In March 2008 Zimbabwe held its tripartite presidential election that was marred by the same fraud allegations as in Kenya. The result for the first round of the election was declared on 2 May 2008 with presidential candidate Morgan Tsvangirai the leader of the Movement for Democratic Change at 47.9% and the incumbent Robert Mugabe coming second with 43.3%. Since neither candidate had obtained the required 50% threshold, a run-off election was scheduled for 27 June 2008. The time period before the run-off was taken as an opportunity by President Mugabe to use all state apparatus to batter the opposition supporters with immense violence resulting in over 80 dead and hundreds missing. As a result of Mugabe’s reign of terror, Tsvangirai withdrew and Mugabe won the race with over 85.5% vote. The illegitimacy of the run-off compelled the South African Development Community (SADC) and the African Union (AU) to step in and propose power-sharing mechanism through a Government of National Unity.

With the looming economic crisis and the appalled public perception, all parties reluctantly came to the table and an intensive dialogue ensued with the signing of Memorandum of Understanding and Global Political Agreement (GPA). Similar to Kenya, the GPA constituted division of executive power, coalition government and a new political power structure. Mugabe retained the presidential post with his two vice presidents and Tsvangirai became Prime Minister with his own two deputy Prime Ministers.

Soon the asymmetrical distribution of power became evident as Mugabe gave all the executive authority to the Cabinet that he controlled while the (Council of Ministers) that was chaired by the prime minister was toothless. Despite obtaining legitimacy for the GPA through the constitutional amendment in February 2009, It was nonetheless largely violated by expanding the size of the cabinet to 41 ministers instead of the GPA stipulated 31 and 19 deputies instead of the original agreement of 15 deputies and adding an extra 10 resident ministers known as provincial Governors. This generally dysfunctional cabinet became the largest in Zimbabwe history.

The result of the GNU in Kenya and Zimbabwe

It is very apparent that the GNU had immediate short term benefits as peace and stability was restored in both cases. Threats of violence evaporated as soon as the parties shook hand and took part in the infamous photo-ops with third party mediators. This resulted in mass optimism and scenes of jubilation across the parties. In the case of Kenya, the donor “confidence” was gradually restored resulting in relative economic stability. In the case of Zimbabwe the decades old economic crisis was not so easy to tackle but the GNU did manage to save the economy from the brink of collapse. These short term economic gains did not translate at the political front. Power-sharing mechanism became in actuality a stringent power-dividing line where an inclusive or government of unity was in name only. Political persecution persisted, security sector reform never materialized. There was gross lack of consensus on pivotal issues and GNU was thereafter operating very much in a neo-patrimonial fashion6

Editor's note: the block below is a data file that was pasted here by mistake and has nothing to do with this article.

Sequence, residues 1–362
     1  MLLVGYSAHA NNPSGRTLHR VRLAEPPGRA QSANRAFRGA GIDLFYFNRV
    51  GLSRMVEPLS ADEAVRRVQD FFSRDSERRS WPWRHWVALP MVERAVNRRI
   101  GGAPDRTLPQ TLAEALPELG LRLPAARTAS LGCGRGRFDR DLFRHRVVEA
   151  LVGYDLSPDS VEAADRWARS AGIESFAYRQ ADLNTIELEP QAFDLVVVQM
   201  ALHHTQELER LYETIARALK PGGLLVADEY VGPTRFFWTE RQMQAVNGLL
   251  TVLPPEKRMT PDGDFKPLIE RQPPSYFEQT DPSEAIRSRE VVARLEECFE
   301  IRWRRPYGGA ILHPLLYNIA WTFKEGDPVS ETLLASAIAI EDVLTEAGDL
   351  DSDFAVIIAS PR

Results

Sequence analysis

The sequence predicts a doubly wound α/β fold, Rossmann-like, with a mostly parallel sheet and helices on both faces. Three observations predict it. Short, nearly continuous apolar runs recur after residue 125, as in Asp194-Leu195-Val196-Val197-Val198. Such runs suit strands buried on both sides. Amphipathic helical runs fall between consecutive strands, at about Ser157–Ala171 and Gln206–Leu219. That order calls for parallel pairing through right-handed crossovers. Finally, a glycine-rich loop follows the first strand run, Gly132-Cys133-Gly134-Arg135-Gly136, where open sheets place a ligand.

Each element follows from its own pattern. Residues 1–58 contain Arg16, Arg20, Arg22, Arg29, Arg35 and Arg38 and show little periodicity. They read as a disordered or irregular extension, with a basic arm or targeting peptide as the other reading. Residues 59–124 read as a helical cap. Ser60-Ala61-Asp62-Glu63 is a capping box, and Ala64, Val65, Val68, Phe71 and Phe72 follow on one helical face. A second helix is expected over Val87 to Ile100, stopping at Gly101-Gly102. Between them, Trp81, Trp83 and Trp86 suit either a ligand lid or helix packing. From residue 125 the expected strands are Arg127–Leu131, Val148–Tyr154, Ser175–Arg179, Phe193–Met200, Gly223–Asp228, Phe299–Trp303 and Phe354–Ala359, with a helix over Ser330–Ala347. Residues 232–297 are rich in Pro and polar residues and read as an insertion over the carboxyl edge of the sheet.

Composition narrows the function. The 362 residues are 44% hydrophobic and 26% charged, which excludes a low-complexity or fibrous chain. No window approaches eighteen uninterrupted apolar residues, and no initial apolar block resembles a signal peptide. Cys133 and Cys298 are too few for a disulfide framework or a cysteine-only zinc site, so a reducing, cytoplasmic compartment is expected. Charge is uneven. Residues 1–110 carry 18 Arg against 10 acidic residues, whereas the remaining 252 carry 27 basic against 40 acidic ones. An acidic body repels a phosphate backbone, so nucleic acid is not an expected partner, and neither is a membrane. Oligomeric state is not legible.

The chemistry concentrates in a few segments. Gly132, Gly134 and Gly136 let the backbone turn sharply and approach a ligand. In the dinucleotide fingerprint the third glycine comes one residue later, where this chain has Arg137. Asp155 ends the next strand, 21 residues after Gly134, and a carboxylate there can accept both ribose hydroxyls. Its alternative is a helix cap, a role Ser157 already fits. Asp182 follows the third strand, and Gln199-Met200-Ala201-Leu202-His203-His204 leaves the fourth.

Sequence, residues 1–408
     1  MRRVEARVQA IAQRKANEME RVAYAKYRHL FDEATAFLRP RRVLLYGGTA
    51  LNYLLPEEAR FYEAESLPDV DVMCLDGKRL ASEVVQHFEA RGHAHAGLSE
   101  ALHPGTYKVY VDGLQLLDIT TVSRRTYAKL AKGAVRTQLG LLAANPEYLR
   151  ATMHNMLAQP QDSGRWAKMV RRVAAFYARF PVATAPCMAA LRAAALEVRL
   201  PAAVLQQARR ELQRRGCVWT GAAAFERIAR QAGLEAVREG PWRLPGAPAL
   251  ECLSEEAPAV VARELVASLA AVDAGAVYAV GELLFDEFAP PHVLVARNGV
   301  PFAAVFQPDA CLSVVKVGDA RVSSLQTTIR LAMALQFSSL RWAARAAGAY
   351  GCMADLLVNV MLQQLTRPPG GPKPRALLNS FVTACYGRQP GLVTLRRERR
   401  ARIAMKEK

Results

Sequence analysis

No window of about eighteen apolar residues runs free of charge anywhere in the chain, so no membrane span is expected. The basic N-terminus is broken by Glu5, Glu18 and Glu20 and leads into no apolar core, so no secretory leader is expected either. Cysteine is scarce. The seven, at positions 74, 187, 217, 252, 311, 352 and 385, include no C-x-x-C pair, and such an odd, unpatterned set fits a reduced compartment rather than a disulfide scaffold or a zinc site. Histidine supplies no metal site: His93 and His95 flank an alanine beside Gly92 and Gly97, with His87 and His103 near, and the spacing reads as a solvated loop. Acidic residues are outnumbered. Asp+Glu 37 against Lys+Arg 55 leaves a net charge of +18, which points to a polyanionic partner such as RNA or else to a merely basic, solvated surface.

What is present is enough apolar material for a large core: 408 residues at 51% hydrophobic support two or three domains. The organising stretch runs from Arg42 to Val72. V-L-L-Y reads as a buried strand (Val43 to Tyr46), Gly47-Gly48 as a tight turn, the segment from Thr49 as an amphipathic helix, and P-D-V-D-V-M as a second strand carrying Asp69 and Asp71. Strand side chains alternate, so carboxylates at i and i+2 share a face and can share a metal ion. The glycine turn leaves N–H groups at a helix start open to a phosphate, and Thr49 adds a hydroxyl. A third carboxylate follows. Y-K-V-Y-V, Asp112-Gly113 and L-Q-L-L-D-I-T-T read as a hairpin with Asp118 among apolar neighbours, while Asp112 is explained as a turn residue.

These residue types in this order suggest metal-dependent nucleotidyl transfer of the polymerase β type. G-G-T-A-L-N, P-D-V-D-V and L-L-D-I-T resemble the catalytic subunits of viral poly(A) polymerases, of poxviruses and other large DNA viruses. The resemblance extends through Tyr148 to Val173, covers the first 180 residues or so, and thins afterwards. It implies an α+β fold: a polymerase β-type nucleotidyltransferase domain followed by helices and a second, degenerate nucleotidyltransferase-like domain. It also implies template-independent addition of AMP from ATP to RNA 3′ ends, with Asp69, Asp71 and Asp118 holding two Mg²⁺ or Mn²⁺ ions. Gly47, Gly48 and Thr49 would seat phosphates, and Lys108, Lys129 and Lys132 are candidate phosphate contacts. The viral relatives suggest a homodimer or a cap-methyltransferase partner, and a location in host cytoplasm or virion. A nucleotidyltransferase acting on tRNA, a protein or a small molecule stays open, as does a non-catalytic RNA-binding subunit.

The regional context that led to the creation of GNU in both countries is also worthy of consideration. It is safe to say that without the regional/international interference, the GNU would have not been mediated by internal actors or peacefully resolved by the parties themselves. Therefore the conflicting role of domestic and extraterritorial interest is abundantly clear. In the case of Kenya, the African Union, United Nation, United States, Britain and Germany played significant role in mitigating the GNU. In the case of Zimbabwe, South Africa played crucial role in the creation of the GNU. In short, GNU was not an outcome of grassroots activism but was born out of external interest in the aftermath of an election disputes7.

It is necessary to touch on the whole concept of power-sharing. The very term power-sharing is frankly misleading and more appropriately should be regarding as power-dividing. The mechanism is foundationally an elite pact; that is a beneficial contract among the political elites who carve out strategically the power dynamics. Division of power is conceived within realist terms and where power does not exist, it becomes necessary to create it. It is therefore not surprising that cabinets of the GNU are invariably large with Zimbabwe having 64 cabinet ministers and deputy ministers and Kenya having a staggering 96 member cabinet8.

The role of the masses is also significant in the sustainability of the GNU. In both countries, the people welcomed GNU with great expectations but it was short lived as the performance of the GNU was less than satisfactory. This is most poignantly evident in Kenya where over 70% of the people were confident in the formation of the GNU only to six month later a staggering 77% believe that the government is not working9. The same lack of confidence was shared by the people in Zimbabwe although not so drastically as in Kenya.